"Contagious" or psychology of word of mouth. Review of the book by Jon Berger. - Profit Hunter

Why do some products and ideas become popular, while others, as if in no way inferior to them, go into obscurity? Someone will say that the point is in advertising: whoever spent the most on promotion, he won. However, practice shows that this is often not the case.

Yona Berger, a marketing professor at the Wharton School of Business, believes: the secret is what is called word of mouth in Russian. Because people have long perceive advertising as information noise. It is not enough to tell you how great the product is - you need to make sure that people themselves tell each other about it. After all, who would a person believe more: the advertising character or his friend?

Just about the complicated

"Contagious" tells exactly this: about the psychology of why people share each other another impressions. Combining research results with well-known and not-so-great examples, Berger lays out word of mouth marketing, describing six basic principles in an accessible form: social currency, triggers, emotions, society, practical value, and stories.

This, in fact, is the main problem of the book - it tries to embrace the immense and tell about it in such a way that everyone understands. Given its volume (about 200 pages), it does not fully succeed. Too many examples from different areas, too little immersion in each individual context, too little specifics. If you are new to marketing and want to understand the basics - this is the book for you. If you have been working seriously in the subject for a long time, then it may well be interesting, but do not expect revelations.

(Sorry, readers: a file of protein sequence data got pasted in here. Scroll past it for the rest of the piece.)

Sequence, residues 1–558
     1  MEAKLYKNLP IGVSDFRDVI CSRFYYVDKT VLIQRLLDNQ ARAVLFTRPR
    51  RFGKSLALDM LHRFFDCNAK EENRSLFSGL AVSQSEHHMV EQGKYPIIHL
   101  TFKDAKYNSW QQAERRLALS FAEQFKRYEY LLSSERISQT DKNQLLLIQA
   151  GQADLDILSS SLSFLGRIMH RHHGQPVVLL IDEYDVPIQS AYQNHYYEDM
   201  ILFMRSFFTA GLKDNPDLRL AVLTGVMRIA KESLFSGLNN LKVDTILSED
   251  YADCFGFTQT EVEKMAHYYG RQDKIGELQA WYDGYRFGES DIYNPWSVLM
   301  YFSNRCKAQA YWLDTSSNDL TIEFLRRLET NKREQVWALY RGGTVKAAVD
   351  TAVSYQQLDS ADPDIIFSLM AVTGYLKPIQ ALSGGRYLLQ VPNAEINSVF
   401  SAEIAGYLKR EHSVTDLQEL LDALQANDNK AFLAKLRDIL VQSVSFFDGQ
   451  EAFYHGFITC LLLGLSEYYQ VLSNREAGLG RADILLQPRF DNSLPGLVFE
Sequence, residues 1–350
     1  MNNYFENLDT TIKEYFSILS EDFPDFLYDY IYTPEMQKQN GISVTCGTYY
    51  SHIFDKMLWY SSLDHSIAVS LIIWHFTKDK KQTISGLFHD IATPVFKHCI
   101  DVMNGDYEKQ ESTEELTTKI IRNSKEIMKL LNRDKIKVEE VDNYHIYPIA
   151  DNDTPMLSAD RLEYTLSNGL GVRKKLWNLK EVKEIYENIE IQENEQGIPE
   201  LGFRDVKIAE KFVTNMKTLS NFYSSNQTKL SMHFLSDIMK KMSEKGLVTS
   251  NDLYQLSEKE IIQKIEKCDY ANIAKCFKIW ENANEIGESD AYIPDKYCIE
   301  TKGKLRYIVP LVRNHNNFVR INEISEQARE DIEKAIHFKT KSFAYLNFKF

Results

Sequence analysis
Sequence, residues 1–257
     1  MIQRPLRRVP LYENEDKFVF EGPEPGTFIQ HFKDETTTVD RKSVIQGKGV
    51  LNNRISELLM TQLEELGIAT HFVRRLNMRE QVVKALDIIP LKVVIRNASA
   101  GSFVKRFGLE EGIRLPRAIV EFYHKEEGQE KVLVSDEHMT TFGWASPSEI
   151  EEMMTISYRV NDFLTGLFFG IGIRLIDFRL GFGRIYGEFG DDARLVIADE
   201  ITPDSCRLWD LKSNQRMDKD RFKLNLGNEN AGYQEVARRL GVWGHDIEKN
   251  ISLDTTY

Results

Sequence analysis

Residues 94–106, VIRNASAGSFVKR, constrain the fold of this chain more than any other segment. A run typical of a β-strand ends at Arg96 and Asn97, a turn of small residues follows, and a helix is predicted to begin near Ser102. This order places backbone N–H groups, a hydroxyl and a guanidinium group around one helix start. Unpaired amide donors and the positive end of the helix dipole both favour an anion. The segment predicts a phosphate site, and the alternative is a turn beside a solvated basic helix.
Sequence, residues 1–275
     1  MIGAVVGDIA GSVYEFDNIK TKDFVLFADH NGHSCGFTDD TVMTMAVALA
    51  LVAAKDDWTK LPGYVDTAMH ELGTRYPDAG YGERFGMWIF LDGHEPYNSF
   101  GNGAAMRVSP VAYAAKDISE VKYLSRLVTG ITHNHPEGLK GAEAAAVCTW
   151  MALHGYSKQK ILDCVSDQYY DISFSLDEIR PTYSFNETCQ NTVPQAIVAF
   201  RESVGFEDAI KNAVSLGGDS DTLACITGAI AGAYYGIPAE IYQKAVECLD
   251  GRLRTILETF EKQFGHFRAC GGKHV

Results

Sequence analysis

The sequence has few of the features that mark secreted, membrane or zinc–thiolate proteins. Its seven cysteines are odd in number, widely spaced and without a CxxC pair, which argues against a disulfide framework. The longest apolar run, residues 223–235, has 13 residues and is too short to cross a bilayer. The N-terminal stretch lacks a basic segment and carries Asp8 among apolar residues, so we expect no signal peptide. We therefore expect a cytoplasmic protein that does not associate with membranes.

At the same time, "Catching" is by no means bad. Simply, it is more an easy reading than a serious and deep work on their topic. In this case, it should be noted that with a certain superficiality of some fragments, in others, Berger takes a truly scientific approach, combining examples from business practices with studies of human psychology and emotional reactions.

What do we have in the end?

A fascinating, interestingly written book, primarily aimed at beginners. The most interesting parts are those devoted to psychology, sociology, and human behavior — apparently, Berger understands them better than marketing itself. You should read “contagious” if you are interested in the topic, you are not very good at it and you plan to deepen your knowledge in the future.

Thanks to the publisher “Mann, Ivanov and Ferber” for the book provided.

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